GIVE reverence, O man, to mystery,
Keep your soul patient, and with closed eye hear.
Know that the Good is in all things, the whole
Being by him pervaded and upheld.
He is the will, the thwarting circumstance,
The two opposing forces equal both—
Birth, Death, are one.
Think not the Lotus flower
Or tulip is more honoured than the grass,
The bindweed, or the thistle. He who kneels
To Cama, kneeleth unto me; the maid
Who sings to Ganga sings to me; I am
Wisdom unto the wise, and cunning lore
Unto the subtle. He who knows his soul,
And from thence looketh unto mine; who sees
All underneath the moon regardlessly,
Living on silent, as a shaded lamp
Burns with steady flame:—he sure shall find me—
He findeth wisdom, greatness, happiness.
Know, further, the Great One delighteth not
In him who works, and strives, and is against
The nature of the present.
Not the lessAnd the despair of impotence that fails.
I am the ultimate, the tendency
Of all things to their nature, which is mine.
Put round thee garments of rich softness, hang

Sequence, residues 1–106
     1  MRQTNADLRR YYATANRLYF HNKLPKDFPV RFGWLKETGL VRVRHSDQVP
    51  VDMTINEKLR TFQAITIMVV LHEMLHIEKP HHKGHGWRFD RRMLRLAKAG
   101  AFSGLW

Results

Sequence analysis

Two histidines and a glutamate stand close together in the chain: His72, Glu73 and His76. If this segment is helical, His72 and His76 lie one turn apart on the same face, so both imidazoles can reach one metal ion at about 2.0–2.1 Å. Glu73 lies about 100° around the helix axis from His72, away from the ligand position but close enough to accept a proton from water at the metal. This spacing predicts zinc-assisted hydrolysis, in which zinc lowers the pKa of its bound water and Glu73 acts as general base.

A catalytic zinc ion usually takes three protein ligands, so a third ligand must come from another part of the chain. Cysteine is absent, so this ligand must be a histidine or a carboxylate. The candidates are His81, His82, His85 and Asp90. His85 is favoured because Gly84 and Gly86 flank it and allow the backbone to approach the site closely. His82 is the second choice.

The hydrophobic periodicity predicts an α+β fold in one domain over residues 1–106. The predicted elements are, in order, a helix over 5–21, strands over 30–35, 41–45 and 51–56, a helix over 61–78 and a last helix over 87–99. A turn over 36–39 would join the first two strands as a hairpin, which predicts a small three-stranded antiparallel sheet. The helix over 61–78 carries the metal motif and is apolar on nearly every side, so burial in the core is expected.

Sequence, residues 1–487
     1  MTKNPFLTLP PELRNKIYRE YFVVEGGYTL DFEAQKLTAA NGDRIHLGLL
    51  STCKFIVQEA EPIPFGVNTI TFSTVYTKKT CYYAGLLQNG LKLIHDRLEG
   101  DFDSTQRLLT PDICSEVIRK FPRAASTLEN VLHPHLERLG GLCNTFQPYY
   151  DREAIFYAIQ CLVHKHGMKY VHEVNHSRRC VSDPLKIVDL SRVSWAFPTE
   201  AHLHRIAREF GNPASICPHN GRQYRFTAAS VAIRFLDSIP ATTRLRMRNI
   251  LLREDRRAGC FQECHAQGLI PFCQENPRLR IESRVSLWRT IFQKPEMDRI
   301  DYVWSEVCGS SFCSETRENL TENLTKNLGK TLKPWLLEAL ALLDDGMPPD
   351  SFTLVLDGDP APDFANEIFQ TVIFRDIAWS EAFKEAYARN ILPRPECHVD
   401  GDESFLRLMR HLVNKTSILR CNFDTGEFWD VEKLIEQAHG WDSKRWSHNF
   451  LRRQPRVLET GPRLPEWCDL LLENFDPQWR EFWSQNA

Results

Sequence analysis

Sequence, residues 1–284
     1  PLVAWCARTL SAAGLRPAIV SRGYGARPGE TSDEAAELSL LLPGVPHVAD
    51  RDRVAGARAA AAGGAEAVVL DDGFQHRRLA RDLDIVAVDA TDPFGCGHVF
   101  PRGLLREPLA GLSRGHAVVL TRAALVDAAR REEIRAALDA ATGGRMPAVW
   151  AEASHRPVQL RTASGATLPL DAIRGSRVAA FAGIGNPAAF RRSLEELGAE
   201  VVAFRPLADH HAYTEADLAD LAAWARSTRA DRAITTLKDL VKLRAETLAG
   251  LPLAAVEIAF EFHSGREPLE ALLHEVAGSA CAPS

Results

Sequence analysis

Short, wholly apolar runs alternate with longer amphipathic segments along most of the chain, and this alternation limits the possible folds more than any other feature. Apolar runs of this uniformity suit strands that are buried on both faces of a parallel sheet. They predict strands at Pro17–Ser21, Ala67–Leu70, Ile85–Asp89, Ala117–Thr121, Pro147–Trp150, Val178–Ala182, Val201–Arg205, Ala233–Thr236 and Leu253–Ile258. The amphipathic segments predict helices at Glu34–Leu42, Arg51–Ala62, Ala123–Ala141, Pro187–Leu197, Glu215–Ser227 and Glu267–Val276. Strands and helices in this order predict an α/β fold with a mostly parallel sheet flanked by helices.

Fine gold about thine ankles, hands, and ears,
Set the rich ruby and rare diamond
Upon thy brow.—I made them, I also
Made them be sought by thee; thou lack’st them not?
Then throw them whence they came, and leave with them
The wish to be aught else than nature forms.
Know that the great Good in the age called First,
Beheld a world of mortals, ’mong whom none
Enquired for Truth, because no falsehood was:
Nature was Truth; man held whate’er he wished:
No will was thwarted, and no deed was termed,
Good, Evil. In much wisdom is much grief.
He who increases knowledge sorrow also
Takes with it, till he rises unto me,
Knowing that I am in all, still the same:
Knowing that I am Peace in the contented.
I, Great, revealed unto the Seer, how man
Had wandered, and he gave a name and form
To my communings and he called it Veda.
To him who understands it is great gain—
Who understandeth not, to him the Sign
And ritual is authority and guide,
A living and expiring confidence.